Las Vegas, NV – April 23, 2018 –The National Indian Gaming Association (NIGA) held its annual Chairman’s Leadership luncheon on Wednesday, April 18th honoring Native American Film Actor, Producer and Director Wes Studi, a citizen of the Cherokee Nation with the coveted Chairman’s Lifetime of Achievement Award at the 2018 Indian Gaming Tradeshow and Convention in Las Vegas, Nevada
Studi, a citizen of the Cherokee Nation, where he was born and raised. He began acting at the American Indian Theatre Company in Tulsa in the mid-80s, and his many works in film, television and on stage have become a testament,which has
led to him becoming one of the most acclaimed Native American actor today. Studi has since appeared in more than 80 film and television productions, where he has been playing Indian leaders, both historical and fictitious, for more than 20 years now, which include his most recent 2017 mega film Hostiles, where he starred alongside Christian Bale. He also was a presenter at the 90th Academy Awards, Studi introduced a tribute to military movies and gave part of his speech in the Cherokee language, which was his traditional first language growing up in Oklahoma. Among his many talents, Wes is also a professional horse trainer.
NIGA Chairman Ernie Stevens, Jr., said, “It is an amazing opportunity to have someone like Wes Studi here with us. We honor him for his hard work and dedication that has not only brought about success to his career, but to Native America. This guy has broken down barriers, and he did nothing other than being who he is, a powerful Indian who knows where he comes from and is ready to do what he has to do. We are proud of his representation of Indian country and his exceptional contributions to the mainstream film industry. He is an American hero.”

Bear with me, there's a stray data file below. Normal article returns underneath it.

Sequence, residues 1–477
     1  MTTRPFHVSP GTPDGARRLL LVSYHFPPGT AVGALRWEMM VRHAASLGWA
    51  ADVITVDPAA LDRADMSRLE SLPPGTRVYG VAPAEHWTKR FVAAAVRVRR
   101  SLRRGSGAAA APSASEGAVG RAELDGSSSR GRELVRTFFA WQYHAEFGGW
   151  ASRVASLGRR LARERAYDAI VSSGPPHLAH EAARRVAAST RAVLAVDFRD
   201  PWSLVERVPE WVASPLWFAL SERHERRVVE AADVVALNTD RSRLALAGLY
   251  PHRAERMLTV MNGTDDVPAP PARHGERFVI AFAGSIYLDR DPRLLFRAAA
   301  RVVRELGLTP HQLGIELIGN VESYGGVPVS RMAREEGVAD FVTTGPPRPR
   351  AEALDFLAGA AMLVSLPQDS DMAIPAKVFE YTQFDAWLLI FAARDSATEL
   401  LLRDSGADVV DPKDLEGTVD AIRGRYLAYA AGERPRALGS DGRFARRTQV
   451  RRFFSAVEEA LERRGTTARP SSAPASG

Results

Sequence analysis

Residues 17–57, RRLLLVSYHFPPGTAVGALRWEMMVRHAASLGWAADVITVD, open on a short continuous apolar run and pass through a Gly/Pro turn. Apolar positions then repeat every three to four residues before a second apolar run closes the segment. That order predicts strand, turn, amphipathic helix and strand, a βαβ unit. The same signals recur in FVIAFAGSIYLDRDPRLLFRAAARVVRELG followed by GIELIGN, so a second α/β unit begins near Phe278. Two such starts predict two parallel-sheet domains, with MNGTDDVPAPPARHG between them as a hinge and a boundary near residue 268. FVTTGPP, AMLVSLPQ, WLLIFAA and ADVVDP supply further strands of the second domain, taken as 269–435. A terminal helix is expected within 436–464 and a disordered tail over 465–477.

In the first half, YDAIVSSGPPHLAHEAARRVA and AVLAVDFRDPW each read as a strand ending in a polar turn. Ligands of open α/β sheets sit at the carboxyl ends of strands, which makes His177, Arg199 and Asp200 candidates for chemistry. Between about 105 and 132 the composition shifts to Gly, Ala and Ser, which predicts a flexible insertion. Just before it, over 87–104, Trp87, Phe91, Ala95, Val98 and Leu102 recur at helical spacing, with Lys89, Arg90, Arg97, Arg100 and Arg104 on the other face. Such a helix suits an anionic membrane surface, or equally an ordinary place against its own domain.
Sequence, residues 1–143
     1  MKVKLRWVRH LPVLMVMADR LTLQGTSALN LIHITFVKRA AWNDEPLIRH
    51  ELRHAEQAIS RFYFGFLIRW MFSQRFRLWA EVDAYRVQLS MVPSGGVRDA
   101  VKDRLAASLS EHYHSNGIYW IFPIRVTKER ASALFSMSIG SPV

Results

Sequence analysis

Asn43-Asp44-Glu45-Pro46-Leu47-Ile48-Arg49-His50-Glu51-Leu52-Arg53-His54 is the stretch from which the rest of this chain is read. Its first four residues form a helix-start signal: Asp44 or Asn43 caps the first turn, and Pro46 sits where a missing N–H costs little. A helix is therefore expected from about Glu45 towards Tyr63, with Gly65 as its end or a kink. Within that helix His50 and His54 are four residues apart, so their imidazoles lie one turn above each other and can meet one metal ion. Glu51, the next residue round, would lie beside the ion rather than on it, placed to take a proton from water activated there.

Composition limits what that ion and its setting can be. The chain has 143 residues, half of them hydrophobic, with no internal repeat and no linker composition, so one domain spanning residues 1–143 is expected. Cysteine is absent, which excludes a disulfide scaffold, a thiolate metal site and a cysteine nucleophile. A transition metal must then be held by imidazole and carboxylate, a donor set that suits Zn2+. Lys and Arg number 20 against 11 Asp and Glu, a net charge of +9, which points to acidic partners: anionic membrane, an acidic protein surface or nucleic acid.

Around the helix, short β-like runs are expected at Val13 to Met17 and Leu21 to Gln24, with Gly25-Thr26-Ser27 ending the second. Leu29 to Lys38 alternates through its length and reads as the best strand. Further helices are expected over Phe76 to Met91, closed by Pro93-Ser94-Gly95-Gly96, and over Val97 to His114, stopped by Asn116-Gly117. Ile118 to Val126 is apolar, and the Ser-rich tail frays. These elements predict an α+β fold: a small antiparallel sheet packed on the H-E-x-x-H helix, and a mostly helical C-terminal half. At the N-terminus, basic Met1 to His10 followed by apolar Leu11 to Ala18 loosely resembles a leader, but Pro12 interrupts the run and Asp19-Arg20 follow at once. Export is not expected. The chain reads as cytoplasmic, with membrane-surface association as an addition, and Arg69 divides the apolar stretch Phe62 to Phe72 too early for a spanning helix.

Upon receiving his recognition, Studi spoke about the importance of elevating our Native American talent within the film and media industry. He said, “One of the moves toward helping our young kids understand that they are a part of the world is if they see themselves portrayed on the screen like every other race, and that we have stories we can tell, and we have something to contribute. This is what the entertainment industry does not ever realize is that we have the stories, and we have gotten to the point that we can tell our stories.”
Wes Studi joins other past distinguished recipients such as Tricia Wood, Native American Casting Director, Lynn Valbuena, Chairwoman of the San Manuel Band of Mission Indians, LaDonna Harris, Founder and President of Americans for Indian Opportunity and Steve Ortiz, Chairman of the Prairie Band Potawatomi Nation and Stanley Jones, Sr. former Councilman of the Tulalip Tribes, to name a few.